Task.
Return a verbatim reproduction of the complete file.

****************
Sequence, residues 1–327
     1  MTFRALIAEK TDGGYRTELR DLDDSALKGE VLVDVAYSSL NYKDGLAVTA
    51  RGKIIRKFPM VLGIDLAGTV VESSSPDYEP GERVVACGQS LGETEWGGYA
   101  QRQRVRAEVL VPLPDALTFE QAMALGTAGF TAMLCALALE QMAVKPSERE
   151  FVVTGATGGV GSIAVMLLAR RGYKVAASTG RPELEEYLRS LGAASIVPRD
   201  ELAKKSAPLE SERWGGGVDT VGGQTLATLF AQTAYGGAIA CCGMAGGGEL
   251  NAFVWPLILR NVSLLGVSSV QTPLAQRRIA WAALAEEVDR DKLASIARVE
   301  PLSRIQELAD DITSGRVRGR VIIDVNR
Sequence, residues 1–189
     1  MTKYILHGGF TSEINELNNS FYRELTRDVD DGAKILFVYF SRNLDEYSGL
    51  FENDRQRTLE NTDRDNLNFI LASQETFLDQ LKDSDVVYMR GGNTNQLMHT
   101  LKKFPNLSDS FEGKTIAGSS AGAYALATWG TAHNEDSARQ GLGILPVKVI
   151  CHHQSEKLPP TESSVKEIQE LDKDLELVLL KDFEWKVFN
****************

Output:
Sequence, residues 1–327
     1  MTFRALIAEK TDGGYRTELR DLDDSALKGE VLVDVAYSSL NYKDGLAVTA
    51  RGKIIRKFPM VLGIDLAGTV VESSSPDYEP GERVVACGQS LGETEWGGYA
   101  QRQRVRAEVL VPLPDALTFE QAMALGTAGF TAMLCALALE QMAVKPSERE
   151  FVVTGATGGV GSIAVMLLAR RGYKVAASTG RPELEEYLRS LGAASIVPRD
   201  ELAKKSAPLE SERWGGGVDT VGGQTLATLF AQTAYGGAIA CCGMAGGGEL
   251  NAFVWPLILR NVSLLGVSSV QTPLAQRRIA WAALAEEVDR DKLASIARVE
   301  PLSRIQELAD DITSGRVRGR VIIDVNR
Sequence, residues 1–189
     1  MTKYILHGGF TSEINELNNS FYRELTRDVD DGAKILFVYF SRNLDEYSGL
    51  FENDRQRTLE NTDRDNLNFI LASQETFLDQ LKDSDVVYMR GGNTNQLMHT
   101  LKKFPNLSDS FEGKTIAGSS AGAYALATWG TAHNEDSARQ GLGILPVKVI
   151  CHHQSEKLPP TESSVKEIQE LDKDLELVLL KDFEWKVFN